No One Else Has Been Nominated for the Post
When delegates of the International Roller Sports Federation (FIRS) gather in Rome on Saturday to elect a new president, they won't be confronted with a long list of candidates.
In fact, there will only be one:
Sabatino Aracu, the head of the European Roller Skating Federation and the current FIRS vice-president.
Aracu was the only person nominated -- and nominations have been closed for weeks, since under federation bylaws they must be received 30 days before an election.
A Challenge Is Unlikely
It is still possible that a candidate could challenge Aracu from the floor. But that appears unlikely.
So far, there has been no talk of any challenges, said James Pollard of the FIRS Central Committee.
"I'm sure that Sabatino Aracu will be voted in," said Pollard, who is president of the federation's artistic skating committee. "I haven't heard any other name mentioned, and I don't expect to."
The U.S. will vote for Aracu, said Pollard, who will be casting the vote in Rome. The executive committee of USA Roller Sports decided to support Aracu, based on his qualifications, shortly after Oliveras resigned.
Valerie Leftwich, head of the Australian and Oceania federations, had been named early on as a candidate. But she withdrew and is instead running for the No. 2 spot: first vice-president.
In a letter to FIRS, Leftwich said delegates from several countries asked her to run, but while "I was very proud to receive this confidence ... I felt that Mr. Sabatino Aracu was in a much better position politically and geographically to carry out this appointment."
Aracu, 51, would be a strong candidate even if he faced opposition.
A former speed skater and journalist, he has been president of the Italian Roller Skating Federation for more than 10 years. He is also a member of the Italian Parliament, representing Abruzzi.
In addition, he is a former member of the Italian Olympic Committee and an acquaintance of International Olympic Committee President Jacques Rogge.
His Olympic credentials have taken on added weight as FIRS vies for inclusion in the 2012 Olympic Games.
The Catalonian Question
In fact, the Olympics are a big part of the reason that FIRS is electing a new president. Former president Isidro Oliveras resigned in November when the federation rejected membership for Catalonia, the region of Spain where he was born.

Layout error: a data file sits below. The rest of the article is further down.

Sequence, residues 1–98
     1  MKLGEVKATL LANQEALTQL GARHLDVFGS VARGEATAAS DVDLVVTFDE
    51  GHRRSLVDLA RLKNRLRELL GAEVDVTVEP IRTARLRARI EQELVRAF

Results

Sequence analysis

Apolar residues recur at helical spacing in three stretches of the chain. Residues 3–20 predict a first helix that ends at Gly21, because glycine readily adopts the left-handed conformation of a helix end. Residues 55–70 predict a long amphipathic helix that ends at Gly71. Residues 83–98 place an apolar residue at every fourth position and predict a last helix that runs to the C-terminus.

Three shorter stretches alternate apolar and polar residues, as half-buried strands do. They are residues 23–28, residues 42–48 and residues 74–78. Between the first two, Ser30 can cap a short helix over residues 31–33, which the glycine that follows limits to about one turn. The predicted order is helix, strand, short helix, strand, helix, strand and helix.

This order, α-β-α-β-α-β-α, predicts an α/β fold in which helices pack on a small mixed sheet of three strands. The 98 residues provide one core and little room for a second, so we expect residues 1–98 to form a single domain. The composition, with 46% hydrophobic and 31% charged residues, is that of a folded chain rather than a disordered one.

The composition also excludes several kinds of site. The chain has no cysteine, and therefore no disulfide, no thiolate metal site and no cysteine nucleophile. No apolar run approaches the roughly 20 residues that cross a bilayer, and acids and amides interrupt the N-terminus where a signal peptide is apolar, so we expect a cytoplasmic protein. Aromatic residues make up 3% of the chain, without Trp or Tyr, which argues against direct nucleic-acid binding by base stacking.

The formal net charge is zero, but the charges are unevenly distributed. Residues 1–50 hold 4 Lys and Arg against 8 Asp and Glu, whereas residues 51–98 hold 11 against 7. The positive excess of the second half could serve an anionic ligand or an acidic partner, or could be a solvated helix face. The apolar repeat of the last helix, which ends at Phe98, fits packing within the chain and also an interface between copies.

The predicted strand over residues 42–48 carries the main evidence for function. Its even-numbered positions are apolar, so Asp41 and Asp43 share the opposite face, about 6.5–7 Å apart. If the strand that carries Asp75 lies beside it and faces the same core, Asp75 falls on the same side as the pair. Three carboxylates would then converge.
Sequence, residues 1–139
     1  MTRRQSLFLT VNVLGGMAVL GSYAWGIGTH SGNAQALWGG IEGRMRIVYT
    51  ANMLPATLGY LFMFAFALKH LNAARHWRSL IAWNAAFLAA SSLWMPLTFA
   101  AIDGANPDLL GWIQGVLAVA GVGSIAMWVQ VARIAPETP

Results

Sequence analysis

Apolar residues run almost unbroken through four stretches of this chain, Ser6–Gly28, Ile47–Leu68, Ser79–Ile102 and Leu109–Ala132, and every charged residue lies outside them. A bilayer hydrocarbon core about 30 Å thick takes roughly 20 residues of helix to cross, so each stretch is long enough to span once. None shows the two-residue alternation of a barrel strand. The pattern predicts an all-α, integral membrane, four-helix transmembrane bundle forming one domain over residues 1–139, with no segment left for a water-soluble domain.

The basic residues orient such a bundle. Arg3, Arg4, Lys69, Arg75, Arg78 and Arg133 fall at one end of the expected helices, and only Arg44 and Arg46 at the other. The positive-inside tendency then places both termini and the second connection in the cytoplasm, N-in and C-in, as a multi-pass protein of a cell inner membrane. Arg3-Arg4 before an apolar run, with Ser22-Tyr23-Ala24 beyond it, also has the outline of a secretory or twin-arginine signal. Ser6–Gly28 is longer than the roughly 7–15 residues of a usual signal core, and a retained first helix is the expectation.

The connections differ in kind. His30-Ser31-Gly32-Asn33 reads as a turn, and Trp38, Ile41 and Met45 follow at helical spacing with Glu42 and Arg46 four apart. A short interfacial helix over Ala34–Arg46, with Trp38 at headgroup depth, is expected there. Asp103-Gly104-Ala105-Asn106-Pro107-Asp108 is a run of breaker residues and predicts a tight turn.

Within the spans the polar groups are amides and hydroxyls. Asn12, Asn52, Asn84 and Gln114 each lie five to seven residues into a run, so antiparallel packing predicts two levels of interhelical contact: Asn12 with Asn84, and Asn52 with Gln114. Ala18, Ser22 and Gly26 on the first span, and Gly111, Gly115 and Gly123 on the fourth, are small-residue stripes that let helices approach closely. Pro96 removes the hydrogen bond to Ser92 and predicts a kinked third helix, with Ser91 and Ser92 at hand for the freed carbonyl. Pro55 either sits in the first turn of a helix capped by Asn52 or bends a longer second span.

The main reason FIRS members rejected Catalonia was that they feared that political fallout from Spain, which opposed its membership, would hurt roller sports' Olympic aspirations.
Aracu was an outspoken opponent of Catalonian membership. He announced at the meeting that Rogge had told him that FIRS "was crazy" to think that it could recognize Catalonia when the Olympic Committee had not.
"This is not the way to arrive at the Olympic Games," Aracu told members. "The heart is with Catalonia, but the head needs to give legality to our sport."
New First Vice-president
Also to be elected Saturday will be a new first vice-president of FIRS. The current one, Ernesto Gonzalez Molina of Argentina, is resigning under a cloud of criminal allegations and health problems.
Two people have been nominated to replace him: Leftwich, of Australia; and Ernesto Cajaravilla, the president of the Uruguayan federation.
Leftwich is considered the stronger candidate. Not only has she spent ten years on the FIRS Central Committee, but her election would demonstrate the federation's commitment to women, which is something the Olympic Committee wants to see.
However, Leftwich is not a shoe-in for first vice-president. If the Spanish speaking delegates at the Elective Congress join together to support Cajaravilla, he could score an upset, Pollard said.
Some 40 or 50 delegates are expected to attend Saturday's FIRS meeting. Each country that belongs to FIRS gets one vote. The presidency is decided by a simple majority.
(posted on February 7, 2005)
Copyright © 2005 by Robert Burnson